The presence of the Russian fleet in New York upped the raised the bar for the British and French.  Alexander’s placement of the fleet served a strategic purpose as well; preventing it from being bottled up in the Baltic if war did occur.  With the powers of Europe lining up and choosing sides, it was time for the lead actor, Britain, to decide if the war was worth it.  After the Union victories at Vicksburg and Gettysburg, it became apparent that it was not.  The British withdrew their plans to deliver the Laird Rams to the Confederacy, instead commissioning them in the Royal Navy.  Once Britain backed down, France likewise withdrew from the war.  A number of Russian warships remained on patrol along the Atlantic coast after the incident, just in case things heated up again.  The Union of course, would win the American Civil War.


This unassuming house in Petersburg, Va., has an odd history. It was constructed from the tombstones of Union soldiers who had besieged the city in 1864. The Union soldiers who died while attacking the Confederate-held city were buried near where they fell. Apparently to save on maintenance, nearly 2,000 marble headstones were removed from Poplar Grove Cemetery and sold to a Mr. O.E. Young, who assembled them into a two-story house in the 1930s.

The tombstones face inward, so “as the owner lay in bed the names of the dead stood about his head,” Headley wrote in Architectural Follies in America (1996). Later they were plastered over so visitors wouldn’t be freaked out — or accidentally see their great-grandfathers’ name.

The last word must be left to the lady living next door to the Tombstone House, who confessed “Ah dont rightly see what all the fuss was about. They was jist Union boys.”


Ron Paul standing in front of a Confederate flag and telling an audience that the South was on the right side of the American Civil War

What’s this, you ask? On, nothing. It’s just a video of Ron Paul standing in front of a flag flown by traitors 150 years ago and telling his audience that the South was on the right side of the American Civil War.

At 1:25, Paul says that buying slaves’ freedom would have been a better way to free them than fighting a war over the issue. Does anyone actually believe that Ron Paul, were he a member of Congress in 1861, would have supported a plan for the United States government to spend taxpayer dollars to buy slaves, even if it were to free them? He’d abolish Medicare and Social Security, and he doesn’t support universal healthcare, but he’d support a federal government that would undoubtedly need to increase taxes and then spend that tax money on the purchase of southern slaves? No, he wouldn’t.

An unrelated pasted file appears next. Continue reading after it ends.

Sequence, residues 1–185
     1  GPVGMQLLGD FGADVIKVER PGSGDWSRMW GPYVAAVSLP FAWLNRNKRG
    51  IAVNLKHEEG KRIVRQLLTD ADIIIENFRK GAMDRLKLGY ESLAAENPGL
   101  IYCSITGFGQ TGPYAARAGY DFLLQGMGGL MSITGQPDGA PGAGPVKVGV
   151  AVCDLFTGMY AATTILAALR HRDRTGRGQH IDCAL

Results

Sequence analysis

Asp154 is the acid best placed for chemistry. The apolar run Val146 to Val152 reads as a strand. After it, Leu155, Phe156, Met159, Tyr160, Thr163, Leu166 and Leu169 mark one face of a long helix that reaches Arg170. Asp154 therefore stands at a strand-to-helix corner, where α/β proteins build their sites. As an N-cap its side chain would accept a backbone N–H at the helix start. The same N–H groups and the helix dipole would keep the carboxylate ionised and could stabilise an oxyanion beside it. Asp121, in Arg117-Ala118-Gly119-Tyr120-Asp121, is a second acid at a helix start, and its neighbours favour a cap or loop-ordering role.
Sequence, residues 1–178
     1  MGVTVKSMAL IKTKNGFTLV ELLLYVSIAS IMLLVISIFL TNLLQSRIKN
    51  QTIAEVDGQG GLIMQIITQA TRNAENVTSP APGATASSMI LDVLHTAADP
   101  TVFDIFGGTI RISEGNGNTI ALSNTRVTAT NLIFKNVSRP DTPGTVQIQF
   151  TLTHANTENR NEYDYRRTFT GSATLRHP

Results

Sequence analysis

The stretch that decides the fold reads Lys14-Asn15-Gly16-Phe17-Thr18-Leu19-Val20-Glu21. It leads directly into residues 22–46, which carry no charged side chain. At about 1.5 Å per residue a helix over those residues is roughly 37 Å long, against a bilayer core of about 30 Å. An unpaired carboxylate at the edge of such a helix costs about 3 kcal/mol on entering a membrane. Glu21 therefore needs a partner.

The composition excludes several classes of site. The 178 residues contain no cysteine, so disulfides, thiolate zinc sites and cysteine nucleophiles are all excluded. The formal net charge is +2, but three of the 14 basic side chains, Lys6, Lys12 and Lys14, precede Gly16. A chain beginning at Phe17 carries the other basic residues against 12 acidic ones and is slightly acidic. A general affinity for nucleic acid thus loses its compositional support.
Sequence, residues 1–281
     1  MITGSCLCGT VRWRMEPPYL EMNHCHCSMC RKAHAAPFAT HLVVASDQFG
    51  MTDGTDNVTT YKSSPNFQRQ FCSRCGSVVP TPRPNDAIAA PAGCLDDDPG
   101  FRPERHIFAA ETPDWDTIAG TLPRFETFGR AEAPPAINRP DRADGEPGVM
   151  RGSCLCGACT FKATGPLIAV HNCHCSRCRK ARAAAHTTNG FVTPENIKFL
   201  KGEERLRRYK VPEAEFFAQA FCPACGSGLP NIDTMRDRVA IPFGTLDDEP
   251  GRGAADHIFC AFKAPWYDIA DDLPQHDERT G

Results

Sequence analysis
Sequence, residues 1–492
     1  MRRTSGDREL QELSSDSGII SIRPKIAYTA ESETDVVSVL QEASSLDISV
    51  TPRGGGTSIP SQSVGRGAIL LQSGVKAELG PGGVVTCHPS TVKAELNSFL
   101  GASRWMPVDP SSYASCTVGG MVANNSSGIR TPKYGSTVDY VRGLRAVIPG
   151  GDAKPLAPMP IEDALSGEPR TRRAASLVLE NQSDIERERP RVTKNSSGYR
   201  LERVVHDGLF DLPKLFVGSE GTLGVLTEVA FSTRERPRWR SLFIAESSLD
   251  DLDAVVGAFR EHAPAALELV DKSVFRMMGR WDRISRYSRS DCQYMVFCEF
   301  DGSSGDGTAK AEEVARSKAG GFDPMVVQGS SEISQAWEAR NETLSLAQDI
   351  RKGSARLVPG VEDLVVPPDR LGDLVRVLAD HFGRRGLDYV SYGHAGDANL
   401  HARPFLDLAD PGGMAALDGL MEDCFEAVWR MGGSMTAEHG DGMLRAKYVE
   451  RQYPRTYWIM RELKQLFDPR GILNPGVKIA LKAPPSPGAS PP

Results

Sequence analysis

What’s stunning about Paul’s views on slavery and the Civil War is the fact that he calls himself a libertarian, and he talks more about personal liberty than any politician currently in office, but he would have been willing to accept idea that human beings could own other human beings. He’s arguing in this video that the North should have purchased the slaves of the South in order to free them, and that tells me that he would have been willing to accept that the northern government could legally purchase human beings. If one opposes slavery, and one believes that personal liberty is our primary, guiding principle, the idea that anyone (or any government) could purchase a human being should be unacceptable. To have supported the North’s purchase of human beings from the South would have been supporting slavery — the idea that one human being could be the property of another — as a legal concept.

Further along in the video, at 2:00, Paul he calls the Civil War a “loss of liberty.” For whom? Certainly not for the slaves who were freed. Were he a slave in 1861, I doubt that his libertarian ideals would have allowed him to argue that his freedom was for sale, to anyone, whether in the North or the South, for any reason. I doubt that he would have referred to the South as the victim, argued that the Civil War was a “loss of liberty”, or complained about “northern aggression”, a term that Southern apologists love to use.

Thank you to Dominion of New York for their article that brought this video to my attention.

October 12, 1870: Robert E. Lee Dies

On this day in 1870, Robert E. Lee, the leading general of the Confederate Army, died at 63 in Lexington, VA after suffering a massive heart attack . Lee was the commander of the Army of Northern Virginia during the Civil War (1861-65) which was the most successful of the Southern armies.